Interview: Lucas Clair of Control Risks in Germany on cloud adoption and RelativityOne

One of the advantages of the pandemic is that the normalisation of remote interviews has broadened the range of people I get the chance to talk to – not just those who happen to be at the events which I attend, but pretty well anyone with something interesting to say.

Control Risks have recently started using RelativityOne through Relativity’s Germany-hosted instance; so far, they’ve transferred about 17TB of data from on-premise to RelativityOne in Germany as cloud appetite grows. I recently spoke to Lucas Clair who is Senior Consultant in EMEA Compliance, Forensics and Intelligence at Control Risks in Germany. As he explained at the start of our interview, he heads Control Risks’ forensics technology practice in German-speaking countries, managing teams, relationships, and projects in the EU and especially in the German-speaking market.

Germany is important for Control Risks as a central hub in Europe and the world. Like many of its clients, Control Risks is integrated globally, working across jurisdictions with other businesses, facing regulatory regimes whose focus stretches around the world, and conducting litigation, arbitrations and investigations which take place in and involve multiple countries.

I asked Lucas Clair how Control Risks had managed client data before the implementation of RelativityOne. They had their own custom solution, but believed in the future of the cloud. Germany had taken a little longer than some countries – such as the US – to be comfortable with the move to the cloud, but Control Risks had taken that step in the US and other jurisdictions, and appreciated the global integration, the feature richness, and the security offered by RelativityOne. They and their clients had always needed to bring people from multiple jurisdictions to work on the same matter, but that need had increased. It is not always possible to bring all the relevant data into Germany

The pandemic has increased work of all kinds. Regulators had made it clear that they would not be slackening their grip just because there was an international crisis, and organisations had looked more closely at their compliance position – not just existing issues but those emphasised by the shift to home working. The focus was as much on internal compliance as on that which is imposed by external powers.

I wondered if Control Risks’ clients had been quick to spot that the pandemic would generate new problems, not least in compliance. My own guess was that some recognised quickly that the world had changed while others were glad to be able to keep going at all. Lucas Clair said that many of Control Risks’ clients reacted quickly. There was, he said, a sense of community to some extent, with everyone in same situation. Control Risks itself learnt a great deal very quickly, and was able to take that experience out into the market where it could be useful to others.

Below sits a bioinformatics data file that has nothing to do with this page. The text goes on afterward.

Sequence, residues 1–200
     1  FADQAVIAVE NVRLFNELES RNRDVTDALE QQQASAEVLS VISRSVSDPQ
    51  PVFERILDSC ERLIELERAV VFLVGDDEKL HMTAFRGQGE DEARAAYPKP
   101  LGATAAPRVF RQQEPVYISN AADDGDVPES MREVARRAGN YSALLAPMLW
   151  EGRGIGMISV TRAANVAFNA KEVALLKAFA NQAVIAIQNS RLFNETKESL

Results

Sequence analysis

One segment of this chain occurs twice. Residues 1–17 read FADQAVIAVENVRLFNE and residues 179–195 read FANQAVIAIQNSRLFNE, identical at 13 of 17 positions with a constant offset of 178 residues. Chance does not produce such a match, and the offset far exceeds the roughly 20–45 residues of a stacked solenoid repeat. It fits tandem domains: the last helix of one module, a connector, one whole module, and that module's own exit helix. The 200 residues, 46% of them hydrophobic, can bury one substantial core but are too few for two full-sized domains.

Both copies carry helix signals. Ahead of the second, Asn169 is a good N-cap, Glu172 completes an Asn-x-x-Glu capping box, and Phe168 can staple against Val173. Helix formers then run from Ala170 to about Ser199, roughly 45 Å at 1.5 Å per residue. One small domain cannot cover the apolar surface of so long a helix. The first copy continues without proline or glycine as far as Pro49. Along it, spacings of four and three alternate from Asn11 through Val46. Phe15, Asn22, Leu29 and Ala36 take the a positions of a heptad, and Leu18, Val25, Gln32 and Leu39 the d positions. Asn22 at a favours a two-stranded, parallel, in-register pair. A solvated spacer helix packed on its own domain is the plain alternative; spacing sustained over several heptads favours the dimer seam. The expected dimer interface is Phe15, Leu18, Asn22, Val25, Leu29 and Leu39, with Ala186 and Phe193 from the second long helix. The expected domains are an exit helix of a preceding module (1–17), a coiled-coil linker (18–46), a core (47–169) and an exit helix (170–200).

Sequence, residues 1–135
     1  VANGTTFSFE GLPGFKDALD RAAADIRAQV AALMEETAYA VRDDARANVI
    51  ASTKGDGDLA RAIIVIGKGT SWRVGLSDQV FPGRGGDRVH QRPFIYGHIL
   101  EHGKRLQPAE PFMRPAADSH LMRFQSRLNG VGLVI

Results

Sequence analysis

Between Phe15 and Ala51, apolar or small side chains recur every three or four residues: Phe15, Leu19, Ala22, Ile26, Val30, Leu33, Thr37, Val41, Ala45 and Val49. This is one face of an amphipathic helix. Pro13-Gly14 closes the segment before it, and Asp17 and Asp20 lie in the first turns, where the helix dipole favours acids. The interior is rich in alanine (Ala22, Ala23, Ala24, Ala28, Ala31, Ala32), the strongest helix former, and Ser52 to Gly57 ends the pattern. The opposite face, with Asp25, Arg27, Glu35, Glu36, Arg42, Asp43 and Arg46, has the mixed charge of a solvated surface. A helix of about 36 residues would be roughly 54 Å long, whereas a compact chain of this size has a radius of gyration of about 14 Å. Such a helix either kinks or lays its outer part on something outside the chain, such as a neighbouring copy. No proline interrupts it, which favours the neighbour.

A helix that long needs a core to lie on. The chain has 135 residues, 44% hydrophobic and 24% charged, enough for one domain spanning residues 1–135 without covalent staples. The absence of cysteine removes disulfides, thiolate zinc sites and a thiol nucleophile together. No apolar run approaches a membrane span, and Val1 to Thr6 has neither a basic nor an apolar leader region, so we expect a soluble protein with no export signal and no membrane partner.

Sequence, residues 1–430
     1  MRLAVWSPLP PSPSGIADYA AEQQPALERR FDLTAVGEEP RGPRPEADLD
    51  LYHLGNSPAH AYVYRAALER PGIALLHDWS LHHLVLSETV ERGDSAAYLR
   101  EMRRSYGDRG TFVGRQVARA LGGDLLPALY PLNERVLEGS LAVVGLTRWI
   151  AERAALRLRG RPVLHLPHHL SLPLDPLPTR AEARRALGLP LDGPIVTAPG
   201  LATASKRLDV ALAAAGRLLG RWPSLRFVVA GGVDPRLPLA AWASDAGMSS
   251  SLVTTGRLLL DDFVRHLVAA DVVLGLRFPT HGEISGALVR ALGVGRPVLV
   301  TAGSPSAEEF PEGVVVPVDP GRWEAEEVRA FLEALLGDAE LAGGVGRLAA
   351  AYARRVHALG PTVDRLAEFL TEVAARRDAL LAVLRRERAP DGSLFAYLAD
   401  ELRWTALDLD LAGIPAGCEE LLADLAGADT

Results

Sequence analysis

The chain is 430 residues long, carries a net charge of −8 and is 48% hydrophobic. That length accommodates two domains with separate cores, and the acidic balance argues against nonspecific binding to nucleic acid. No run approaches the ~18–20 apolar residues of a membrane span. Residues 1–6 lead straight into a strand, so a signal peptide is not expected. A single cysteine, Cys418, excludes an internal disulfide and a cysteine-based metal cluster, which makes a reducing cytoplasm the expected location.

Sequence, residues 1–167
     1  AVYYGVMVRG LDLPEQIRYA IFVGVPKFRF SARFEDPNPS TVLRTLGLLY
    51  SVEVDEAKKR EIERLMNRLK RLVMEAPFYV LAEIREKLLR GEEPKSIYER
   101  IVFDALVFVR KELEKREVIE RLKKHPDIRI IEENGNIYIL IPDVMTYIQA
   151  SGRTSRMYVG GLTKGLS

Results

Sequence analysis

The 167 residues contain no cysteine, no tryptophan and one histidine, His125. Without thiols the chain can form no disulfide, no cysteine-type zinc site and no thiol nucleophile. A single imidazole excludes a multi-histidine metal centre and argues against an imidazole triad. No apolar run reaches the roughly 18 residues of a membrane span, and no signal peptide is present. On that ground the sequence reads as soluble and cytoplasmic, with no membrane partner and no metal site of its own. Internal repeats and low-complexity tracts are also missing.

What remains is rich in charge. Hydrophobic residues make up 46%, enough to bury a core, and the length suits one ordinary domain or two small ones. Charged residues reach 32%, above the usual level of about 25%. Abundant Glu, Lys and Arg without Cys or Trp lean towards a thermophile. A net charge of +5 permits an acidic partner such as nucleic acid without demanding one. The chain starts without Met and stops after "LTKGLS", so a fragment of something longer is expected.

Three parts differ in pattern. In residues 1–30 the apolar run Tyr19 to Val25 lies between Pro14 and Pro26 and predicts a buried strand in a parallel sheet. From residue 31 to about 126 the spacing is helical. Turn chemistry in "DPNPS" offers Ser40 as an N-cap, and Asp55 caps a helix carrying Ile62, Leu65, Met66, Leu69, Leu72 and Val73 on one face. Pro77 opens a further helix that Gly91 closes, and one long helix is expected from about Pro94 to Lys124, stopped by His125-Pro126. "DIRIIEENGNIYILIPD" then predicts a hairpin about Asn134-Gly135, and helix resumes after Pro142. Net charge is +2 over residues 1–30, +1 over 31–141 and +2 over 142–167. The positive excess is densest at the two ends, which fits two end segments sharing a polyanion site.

The pandemic persuaded many German organisations , however reluctant they might have been to begin with, to take to the cloud, joining those who had already made that transition.

Data protection had inevitably become a key topic during lockdown. Germany takes data protection very seriously, and companies are keen to do the right thing. Lucas Clair referred to the recent international panel at Relativity Fest London (I wrote about it here) which had drawn attention to the historic reasons why data protection was important, and to the “gold standard” of the GDPR. Germany already knew how to manage data properly, Lucas Clair said. The pandemic had brought forward cases where it made sense to share data. It had proved possible to use data sensibly while still acknowledging data protection duties and respecting the fact that the head of legal and head of compliance would take it seriously. There were fewer people using data protection as a shield to stop getting work done (this was one of the themes also from the Relativity Fest panel referred to above).

I asked Lucas Clair how the experiences of the last year had put Control Risks in a better situation. The adoption of RelativityOne, he said, had been a driver for greater efficiency. As one example, it was no longer necessary keep going back to the client for access to the data, reducing the number of steps involved in any engagement when using tools like Relativity Collect.

This was a positive set of messages from Control Risks. The pandemic had encouraged improvements to working practices which might have taken much longer without the impetus forced by lockdown. The hard-won experience will stand Control Risks and its clients in good stead as we come out of the pandemic, with better use of technology, better practices and a more pragmatic approach to sharing data.


About Chris Dale

I have been an English solicitor since 1980. I run the e-Disclosure Information Project which collects and comments on information about electronic disclosure / eDiscovery and related subjects in the UK, the US, AsiaPac and elsewhere
This entry was posted in Control Risks, Discovery, eDisclosure, eDiscovery, Electronic disclosure, Relativity, RelativityOne. Bookmark the permalink.

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